It took me three episodes to get the joke in the title (a Slow Horses post)
Some piece of marketing material led me to believe that Slow Horses was a comedy about sad-sack loser spies, which is why I put off watching it for so long. I mean, sure, you can get some laughs out of that, and if Gary Oldman was in it, the script was likely good. But, y’know. Meh.
But then someone told me that Slow Horses had strong Sneakers energy, and that stoked my interest immediately. Sneakers, if you’ve never seen it, is about a group of misfits performing a heist for the government and getting in way over their heads. Each member of the team is an outcast for one reason or another, but they’re also each brilliant in their own way.
And that, my friends…well, is not really Slow Horses because it is very much up for debate if most of this team is good at anything at all. The MI-5 agents assigned to Slough House (that’s the joke of the title, by the way) have all massively screwed the pooch one way or another. One left a classified file on a train. Another slept with an ambassador’s wife. One is just such a tool that literally no other department will have him. Slough House is where losers go to finish out their time in the agency, doing meaningless assignments and being berated by station boss Jackson Lamb (Oldman).
Into this mix comes River Cartwright, a genuinely good agent who, it appears, is there unfairly. He’s dying for a chance to prove he deserves to be back in Regent Park, where all the “real” agents work, so when Slough House is asked to copy the contents of a right-wing agitator’s laptop, something far more interesting than they’re usually given, he starts poking around. What follows is a sly, well-crafted thriller that is also, yes, funny at times, if only because Lamb’s banter is so witty.
The trailer above doesn’t do the show any favors, because while it does hit the most important beats of the plot, it pitches them as high drama/big tension/Bondian thrilling and, well, Slow Horses ain’t that kinda party. It’s quiet and considered, asking the viewer to puzzle through the mystery along with the cast. Slow Horses gets off to a slow start (which I suppose is appropriate), spending its first episode introducing the Slow Horses and establishing the chasm between them and the Dogs of Regent Park.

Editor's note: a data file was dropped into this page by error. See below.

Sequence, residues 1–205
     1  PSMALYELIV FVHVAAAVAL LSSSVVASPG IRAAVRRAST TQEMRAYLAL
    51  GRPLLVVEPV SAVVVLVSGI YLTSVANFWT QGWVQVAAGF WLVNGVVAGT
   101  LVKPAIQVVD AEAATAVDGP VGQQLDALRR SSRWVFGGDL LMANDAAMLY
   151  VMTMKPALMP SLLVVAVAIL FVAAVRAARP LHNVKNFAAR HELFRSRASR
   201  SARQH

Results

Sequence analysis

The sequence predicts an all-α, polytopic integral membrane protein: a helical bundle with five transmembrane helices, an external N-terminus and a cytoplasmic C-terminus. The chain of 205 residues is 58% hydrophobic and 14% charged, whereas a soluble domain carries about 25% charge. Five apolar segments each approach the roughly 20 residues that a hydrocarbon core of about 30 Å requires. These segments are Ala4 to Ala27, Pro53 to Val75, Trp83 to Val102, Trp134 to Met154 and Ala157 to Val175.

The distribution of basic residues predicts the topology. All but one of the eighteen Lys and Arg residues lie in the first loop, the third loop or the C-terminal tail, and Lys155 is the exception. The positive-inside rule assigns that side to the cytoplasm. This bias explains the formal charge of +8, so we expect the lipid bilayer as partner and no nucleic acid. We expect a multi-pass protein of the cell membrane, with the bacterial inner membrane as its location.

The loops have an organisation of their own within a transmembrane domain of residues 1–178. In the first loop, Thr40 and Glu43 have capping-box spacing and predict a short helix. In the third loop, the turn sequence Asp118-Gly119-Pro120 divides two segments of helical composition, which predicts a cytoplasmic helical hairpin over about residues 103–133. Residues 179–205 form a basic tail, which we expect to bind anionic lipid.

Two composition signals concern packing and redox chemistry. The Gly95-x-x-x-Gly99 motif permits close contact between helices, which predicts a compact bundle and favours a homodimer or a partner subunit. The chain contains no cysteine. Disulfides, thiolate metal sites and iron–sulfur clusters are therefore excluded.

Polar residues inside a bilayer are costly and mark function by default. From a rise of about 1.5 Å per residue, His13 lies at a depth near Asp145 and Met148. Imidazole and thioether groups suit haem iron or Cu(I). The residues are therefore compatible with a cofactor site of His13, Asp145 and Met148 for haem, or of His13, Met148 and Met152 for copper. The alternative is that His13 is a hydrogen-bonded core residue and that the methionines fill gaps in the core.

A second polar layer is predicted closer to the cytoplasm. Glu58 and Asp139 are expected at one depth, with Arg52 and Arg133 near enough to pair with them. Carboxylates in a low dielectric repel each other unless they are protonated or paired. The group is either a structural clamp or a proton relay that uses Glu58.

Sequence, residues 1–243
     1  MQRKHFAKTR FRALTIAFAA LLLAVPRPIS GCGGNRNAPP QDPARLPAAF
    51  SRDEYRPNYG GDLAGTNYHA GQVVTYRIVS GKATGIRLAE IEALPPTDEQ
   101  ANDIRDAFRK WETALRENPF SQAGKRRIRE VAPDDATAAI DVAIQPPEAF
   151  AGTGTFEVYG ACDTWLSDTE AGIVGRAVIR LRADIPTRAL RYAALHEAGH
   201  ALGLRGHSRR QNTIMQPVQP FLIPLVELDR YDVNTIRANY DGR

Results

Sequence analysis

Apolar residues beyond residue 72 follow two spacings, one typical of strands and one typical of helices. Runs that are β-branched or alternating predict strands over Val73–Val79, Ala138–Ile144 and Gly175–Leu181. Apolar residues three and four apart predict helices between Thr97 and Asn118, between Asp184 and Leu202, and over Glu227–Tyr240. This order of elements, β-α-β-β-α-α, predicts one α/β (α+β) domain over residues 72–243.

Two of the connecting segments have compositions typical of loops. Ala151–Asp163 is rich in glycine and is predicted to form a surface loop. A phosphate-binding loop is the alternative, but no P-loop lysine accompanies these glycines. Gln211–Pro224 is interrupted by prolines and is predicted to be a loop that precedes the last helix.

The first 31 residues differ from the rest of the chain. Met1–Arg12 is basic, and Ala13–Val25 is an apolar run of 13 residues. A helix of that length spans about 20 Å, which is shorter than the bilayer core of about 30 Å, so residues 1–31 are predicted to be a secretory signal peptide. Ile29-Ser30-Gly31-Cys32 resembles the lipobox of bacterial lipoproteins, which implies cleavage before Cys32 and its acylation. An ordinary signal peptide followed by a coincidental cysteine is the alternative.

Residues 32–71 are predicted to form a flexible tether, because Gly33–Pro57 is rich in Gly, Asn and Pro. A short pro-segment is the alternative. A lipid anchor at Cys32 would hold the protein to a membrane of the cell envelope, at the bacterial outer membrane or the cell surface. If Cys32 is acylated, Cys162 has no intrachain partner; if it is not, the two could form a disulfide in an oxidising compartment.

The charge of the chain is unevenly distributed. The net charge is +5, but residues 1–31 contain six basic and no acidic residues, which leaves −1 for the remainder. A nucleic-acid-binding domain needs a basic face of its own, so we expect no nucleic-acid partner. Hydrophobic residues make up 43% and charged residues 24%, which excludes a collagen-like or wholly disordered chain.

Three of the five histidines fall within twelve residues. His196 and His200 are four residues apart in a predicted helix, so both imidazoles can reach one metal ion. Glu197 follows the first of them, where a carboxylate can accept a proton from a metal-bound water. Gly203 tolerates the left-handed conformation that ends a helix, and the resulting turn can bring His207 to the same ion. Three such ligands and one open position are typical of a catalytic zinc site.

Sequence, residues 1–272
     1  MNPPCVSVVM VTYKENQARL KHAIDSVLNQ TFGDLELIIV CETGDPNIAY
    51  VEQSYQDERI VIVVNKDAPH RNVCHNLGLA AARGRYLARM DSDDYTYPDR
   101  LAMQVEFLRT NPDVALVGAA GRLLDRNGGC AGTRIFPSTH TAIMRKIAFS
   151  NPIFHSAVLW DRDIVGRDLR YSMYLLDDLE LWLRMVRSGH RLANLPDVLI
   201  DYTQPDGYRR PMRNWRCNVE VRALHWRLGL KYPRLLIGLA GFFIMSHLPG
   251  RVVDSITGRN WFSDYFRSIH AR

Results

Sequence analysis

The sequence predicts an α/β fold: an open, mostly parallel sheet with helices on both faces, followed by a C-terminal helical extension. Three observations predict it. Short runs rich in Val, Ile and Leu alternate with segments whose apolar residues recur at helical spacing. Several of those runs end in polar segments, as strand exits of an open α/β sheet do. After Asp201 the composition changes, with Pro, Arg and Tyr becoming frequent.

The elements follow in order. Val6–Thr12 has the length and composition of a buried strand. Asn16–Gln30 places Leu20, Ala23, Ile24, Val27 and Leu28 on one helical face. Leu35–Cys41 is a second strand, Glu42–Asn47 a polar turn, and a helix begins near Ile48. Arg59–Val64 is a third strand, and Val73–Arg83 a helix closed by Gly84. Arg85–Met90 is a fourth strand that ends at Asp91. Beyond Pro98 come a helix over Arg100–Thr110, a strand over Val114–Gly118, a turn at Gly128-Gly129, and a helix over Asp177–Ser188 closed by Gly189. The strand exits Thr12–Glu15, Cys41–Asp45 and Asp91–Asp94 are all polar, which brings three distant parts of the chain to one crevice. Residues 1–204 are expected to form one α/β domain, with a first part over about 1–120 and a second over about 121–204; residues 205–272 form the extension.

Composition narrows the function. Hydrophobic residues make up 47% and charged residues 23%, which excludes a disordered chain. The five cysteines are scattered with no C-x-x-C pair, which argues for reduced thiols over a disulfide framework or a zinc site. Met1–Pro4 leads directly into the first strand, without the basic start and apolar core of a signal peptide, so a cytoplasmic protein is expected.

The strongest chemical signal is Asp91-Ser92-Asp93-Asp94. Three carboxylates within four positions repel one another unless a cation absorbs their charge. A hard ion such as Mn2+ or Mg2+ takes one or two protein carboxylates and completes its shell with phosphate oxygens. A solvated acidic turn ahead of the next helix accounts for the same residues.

Slow Horses takes its time creating the foundation upon which it will build its spy story cigarette by cigarette. It has a story to tell, and it spins out that story with well-measured confidence. The show it reminds me of most is Yellowjackets, which took a similarly patient approach to doling out crumbs of information so that the big picture came into focus slowly but satisfyingly. Both Slow Horses and Yellowjackets earn your attention by respecting your time. Something important happens in every episode, though it’s sometimes it’s not what you’d expect to be important.
There’s a lot to enjoy about Slow Horses — I mean, if you don’t enjoy watching Gary Oldman verbally sparring with Kristin Scott Thomas, I question your life choices — but I think what I like most is how grubby it is. This is not the world of James Bond; nobody’s getting a martini or showing up in a tux. They’re taking the bus and eating leftover curry and aren’t really all that nice to each other. If The Office was about spies, it would likely look rather a lot like Slow Horses.
Season 1 is complete on Apple TV and Season 2 looks to already have been filmed, so it’s a good time to join the Slough House team.